ECB’s Lagarde: ‘Our Commitment to the Euro Has No Limits’

7 February 2021

By David Barwick – FRANKFURT (Econostream) – The European Central Bank’s commitment to the common currency is without limits, ECB President Christine Lagarde said Sunday.

In an interview with French weekly Le Journal du Dimanche, a text of which was posted to the ECB’s website, Lagarde expressed her confidence that the economic recovery would take off this year despite uncertainties.

‘As I have been saying since March 2020, our commitment to the euro has no limits’, she said. ‘We will act for as long as the pandemic is causing a crisis situation in the euro area.’

‘We think that the time horizon of March 2022 is reasonable and that the PEPP envelope is appropriate’, she continued. The principle of flexibility means that if the ECB needs to do more for longer it will, just as it can also refrain from using all funds allotted to the PEPP, she said.

2021 ‘will be a recovery year’, with the upswing to ‘gather pace around the middle of the year, even if the uncertainties persist’, she said. Still, despite growth this year of close to 4% or ‘[m]aybe a little lower’, output levels seen before the pandemic would not be seen again before the middle of next year, she said.

‘Everything will depend on the vaccination policies and the rollout of the campaigns’, she said. ‘And on the economic measures taken by governments in response to health requirements.’

Although ‘[u]ncertainties are indeed multiplying’, she said, ‘preserving a degree of optimism’ is possible if one remembers the myriad open questions last September, she said. ‘All of these major uncertainties have now been resolved, notably the most important one of all – the availability of reliable vaccines … That’s a new situation and it’s certainly a reason to be optimistic.’

The unintended consequences of loose monetary policy had not yet led to ‘anything that gives us cause for concern’, Lagarde said, though with respect to property prices she noted ‘signs of overvaluations in some of the euro area’s major cities’.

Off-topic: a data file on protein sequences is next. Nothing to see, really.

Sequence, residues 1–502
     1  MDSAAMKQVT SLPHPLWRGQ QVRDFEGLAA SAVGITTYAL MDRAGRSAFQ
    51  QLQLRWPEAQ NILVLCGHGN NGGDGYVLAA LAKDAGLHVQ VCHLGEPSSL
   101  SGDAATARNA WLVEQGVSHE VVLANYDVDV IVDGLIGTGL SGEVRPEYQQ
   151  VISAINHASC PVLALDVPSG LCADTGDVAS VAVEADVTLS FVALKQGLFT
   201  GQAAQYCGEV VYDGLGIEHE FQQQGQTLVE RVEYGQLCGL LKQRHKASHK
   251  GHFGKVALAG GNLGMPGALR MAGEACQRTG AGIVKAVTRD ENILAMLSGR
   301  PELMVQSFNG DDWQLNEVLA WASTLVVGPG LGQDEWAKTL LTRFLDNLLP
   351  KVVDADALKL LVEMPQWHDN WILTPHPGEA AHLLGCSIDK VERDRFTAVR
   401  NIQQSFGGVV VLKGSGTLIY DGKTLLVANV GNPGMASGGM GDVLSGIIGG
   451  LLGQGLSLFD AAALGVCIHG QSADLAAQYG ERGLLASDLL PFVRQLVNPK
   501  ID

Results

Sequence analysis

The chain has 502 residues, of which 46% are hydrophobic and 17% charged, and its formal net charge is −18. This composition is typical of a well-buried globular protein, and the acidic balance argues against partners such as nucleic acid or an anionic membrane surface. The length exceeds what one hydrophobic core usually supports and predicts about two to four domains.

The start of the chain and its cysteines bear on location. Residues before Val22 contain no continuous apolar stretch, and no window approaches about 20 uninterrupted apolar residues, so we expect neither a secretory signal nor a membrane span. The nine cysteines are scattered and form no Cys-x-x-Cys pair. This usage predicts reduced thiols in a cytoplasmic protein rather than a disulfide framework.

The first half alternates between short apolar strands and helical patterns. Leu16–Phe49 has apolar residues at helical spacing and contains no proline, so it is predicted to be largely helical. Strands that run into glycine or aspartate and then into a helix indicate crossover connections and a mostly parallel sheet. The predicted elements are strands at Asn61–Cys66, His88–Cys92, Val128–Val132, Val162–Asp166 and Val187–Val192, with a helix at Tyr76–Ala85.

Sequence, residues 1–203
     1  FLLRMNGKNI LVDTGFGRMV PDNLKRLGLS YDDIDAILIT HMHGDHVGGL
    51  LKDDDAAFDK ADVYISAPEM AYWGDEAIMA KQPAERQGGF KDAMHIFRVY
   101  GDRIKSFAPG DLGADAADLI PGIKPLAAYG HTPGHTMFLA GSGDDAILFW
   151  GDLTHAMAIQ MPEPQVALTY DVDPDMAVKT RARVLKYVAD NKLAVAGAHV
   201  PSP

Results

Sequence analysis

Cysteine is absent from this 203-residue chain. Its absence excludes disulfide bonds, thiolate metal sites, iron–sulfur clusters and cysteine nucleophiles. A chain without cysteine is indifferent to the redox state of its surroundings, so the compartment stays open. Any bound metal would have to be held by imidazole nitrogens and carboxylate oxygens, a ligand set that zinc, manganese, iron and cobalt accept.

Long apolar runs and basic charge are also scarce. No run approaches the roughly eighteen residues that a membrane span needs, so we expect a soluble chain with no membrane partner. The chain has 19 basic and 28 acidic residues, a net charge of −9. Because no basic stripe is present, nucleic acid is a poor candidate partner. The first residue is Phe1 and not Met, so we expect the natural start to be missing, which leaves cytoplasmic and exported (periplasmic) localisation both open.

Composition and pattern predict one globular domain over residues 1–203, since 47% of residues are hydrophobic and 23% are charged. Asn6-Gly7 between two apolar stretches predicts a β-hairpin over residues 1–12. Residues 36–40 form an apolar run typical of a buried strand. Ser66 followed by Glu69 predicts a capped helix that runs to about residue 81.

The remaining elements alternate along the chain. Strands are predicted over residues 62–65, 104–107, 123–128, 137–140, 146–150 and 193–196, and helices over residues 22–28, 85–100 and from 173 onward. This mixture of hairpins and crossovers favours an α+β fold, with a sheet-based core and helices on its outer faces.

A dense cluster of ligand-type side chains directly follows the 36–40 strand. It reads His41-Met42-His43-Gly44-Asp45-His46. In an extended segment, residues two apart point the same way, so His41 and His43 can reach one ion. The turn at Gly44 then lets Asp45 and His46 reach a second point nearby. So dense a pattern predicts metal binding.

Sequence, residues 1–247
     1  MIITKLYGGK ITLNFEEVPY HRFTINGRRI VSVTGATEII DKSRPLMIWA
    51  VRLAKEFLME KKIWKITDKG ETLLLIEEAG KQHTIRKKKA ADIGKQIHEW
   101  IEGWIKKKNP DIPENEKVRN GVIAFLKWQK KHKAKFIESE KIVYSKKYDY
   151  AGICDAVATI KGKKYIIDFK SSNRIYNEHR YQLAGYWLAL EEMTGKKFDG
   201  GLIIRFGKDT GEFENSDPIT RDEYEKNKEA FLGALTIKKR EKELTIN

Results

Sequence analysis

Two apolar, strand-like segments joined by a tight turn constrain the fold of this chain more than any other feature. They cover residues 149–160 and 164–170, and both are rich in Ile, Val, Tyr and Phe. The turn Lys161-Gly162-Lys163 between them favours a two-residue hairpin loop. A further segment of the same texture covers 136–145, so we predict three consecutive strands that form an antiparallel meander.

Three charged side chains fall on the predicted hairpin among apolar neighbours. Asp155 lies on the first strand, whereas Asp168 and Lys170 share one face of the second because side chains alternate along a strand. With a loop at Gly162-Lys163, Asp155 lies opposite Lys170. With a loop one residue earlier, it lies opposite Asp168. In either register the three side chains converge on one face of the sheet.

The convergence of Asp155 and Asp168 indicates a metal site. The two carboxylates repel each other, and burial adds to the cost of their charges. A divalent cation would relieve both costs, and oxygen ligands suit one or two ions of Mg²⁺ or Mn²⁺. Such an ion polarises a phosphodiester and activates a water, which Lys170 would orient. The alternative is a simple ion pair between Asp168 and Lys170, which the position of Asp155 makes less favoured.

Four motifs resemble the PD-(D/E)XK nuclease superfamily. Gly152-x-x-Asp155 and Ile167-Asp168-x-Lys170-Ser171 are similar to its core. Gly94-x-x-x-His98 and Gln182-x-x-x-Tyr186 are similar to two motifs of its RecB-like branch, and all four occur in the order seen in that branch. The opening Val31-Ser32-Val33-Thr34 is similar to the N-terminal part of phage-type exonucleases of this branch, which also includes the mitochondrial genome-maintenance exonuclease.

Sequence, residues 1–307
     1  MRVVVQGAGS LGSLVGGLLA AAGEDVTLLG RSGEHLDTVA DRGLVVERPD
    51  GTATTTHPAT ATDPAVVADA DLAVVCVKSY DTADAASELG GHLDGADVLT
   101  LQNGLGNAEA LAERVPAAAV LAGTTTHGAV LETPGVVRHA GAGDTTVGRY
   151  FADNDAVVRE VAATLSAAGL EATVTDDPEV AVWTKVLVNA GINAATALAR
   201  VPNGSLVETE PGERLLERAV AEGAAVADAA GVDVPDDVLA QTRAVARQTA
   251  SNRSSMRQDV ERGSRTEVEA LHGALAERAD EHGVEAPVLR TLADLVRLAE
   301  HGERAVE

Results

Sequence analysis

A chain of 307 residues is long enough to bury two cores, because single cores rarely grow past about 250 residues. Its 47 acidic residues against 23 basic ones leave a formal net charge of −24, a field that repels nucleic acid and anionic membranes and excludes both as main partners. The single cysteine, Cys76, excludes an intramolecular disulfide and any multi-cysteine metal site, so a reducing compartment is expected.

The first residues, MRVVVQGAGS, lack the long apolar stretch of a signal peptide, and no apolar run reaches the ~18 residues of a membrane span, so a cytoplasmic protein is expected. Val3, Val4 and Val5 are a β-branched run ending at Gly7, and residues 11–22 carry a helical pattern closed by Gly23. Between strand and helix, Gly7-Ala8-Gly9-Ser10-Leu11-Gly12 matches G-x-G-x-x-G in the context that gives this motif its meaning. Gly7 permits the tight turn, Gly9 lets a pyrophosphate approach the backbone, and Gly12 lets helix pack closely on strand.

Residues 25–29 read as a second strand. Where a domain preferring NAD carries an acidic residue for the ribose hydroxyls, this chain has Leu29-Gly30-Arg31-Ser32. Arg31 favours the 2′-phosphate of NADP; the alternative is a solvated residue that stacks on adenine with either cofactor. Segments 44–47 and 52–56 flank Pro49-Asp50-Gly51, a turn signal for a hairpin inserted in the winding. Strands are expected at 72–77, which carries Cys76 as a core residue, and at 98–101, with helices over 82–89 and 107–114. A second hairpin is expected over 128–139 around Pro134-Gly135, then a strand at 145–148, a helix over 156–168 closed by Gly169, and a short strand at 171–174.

It is nonetheless ‘vital’ that the ECB continue to support lending, she said, appearing to indicate that any problems arising from this would effectively iron themselves out once the collective dedication to growth, competition and innovation ushered in the phase when ‘the natural selection of companies will set in.’

The end of the pandemic will leave European policymakers with ‘a tricky situation on our hands’, she said, stressing the need to avoid the sudden withdrawal of support. ‘Instead, we need to offer flexible support to our economies, and then reduce this support gradually as and when the pandemic subsides, and the recovery takes hold’, she explained.

Very high French quarterly growth in the third quarter of 2020 illustrates European economic resilience, she suggested. ‘There is no doubt’ of countries’ ability to repay the debt incurred because of the crisis, she said.

Lagarde manifested some annoyance at the latest effort to get the ECB to cancel the sovereign debt on its books, an idea she called ‘inconceivable’ and a rejection of ‘a fundamental pillar of the common framework underpinning the euro.’

‘Rather than expending so much energy asking for debt to be cancelled, it would be much more worthwhile to focus instead on how this debt should be used, on how public funds will be allocated, on which sectors we should invest in for the future’, she said.